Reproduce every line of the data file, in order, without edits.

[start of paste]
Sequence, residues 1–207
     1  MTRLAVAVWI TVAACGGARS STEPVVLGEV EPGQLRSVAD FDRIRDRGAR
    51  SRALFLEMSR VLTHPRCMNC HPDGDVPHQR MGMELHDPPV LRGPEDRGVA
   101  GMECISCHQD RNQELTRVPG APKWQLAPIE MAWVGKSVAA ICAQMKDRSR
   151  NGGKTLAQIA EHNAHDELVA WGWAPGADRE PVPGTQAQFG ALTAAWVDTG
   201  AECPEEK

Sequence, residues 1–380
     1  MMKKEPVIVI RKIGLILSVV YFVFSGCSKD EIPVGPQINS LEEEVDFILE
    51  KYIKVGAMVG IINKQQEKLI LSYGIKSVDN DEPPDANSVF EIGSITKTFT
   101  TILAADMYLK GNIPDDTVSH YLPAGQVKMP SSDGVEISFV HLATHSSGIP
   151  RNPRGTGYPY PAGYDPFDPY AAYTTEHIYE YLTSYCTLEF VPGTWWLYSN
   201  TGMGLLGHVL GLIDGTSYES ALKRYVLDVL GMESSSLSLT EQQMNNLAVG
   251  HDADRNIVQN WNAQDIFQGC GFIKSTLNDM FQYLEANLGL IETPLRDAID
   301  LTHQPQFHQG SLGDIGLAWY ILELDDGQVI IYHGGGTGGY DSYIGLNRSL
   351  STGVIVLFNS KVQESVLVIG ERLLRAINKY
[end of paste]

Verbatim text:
Sequence, residues 1–207
     1  MTRLAVAVWI TVAACGGARS STEPVVLGEV EPGQLRSVAD FDRIRDRGAR
    51  SRALFLEMSR VLTHPRCMNC HPDGDVPHQR MGMELHDPPV LRGPEDRGVA
   101  GMECISCHQD RNQELTRVPG APKWQLAPIE MAWVGKSVAA ICAQMKDRSR
   151  NGGKTLAQIA EHNAHDELVA WGWAPGADRE PVPGTQAQFG ALTAAWVDTG
   201  AECPEEK

Sequence, residues 1–380
     1  MMKKEPVIVI RKIGLILSVV YFVFSGCSKD EIPVGPQINS LEEEVDFILE
    51  KYIKVGAMVG IINKQQEKLI LSYGIKSVDN DEPPDANSVF EIGSITKTFT
   101  TILAADMYLK GNIPDDTVSH YLPAGQVKMP SSDGVEISFV HLATHSSGIP
   151  RNPRGTGYPY PAGYDPFDPY AAYTTEHIYE YLTSYCTLEF VPGTWWLYSN
   201  TGMGLLGHVL GLIDGTSYES ALKRYVLDVL GMESSSLSLT EQQMNNLAVG
   251  HDADRNIVQN WNAQDIFQGC GFIKSTLNDM FQYLEANLGL IETPLRDAID
   301  LTHQPQFHQG SLGDIGLAWY ILELDDGQVI IYHGGGTGGY DSYIGLNRSL
   351  STGVIVLFNS KVQESVLVIG ERLLRAINKY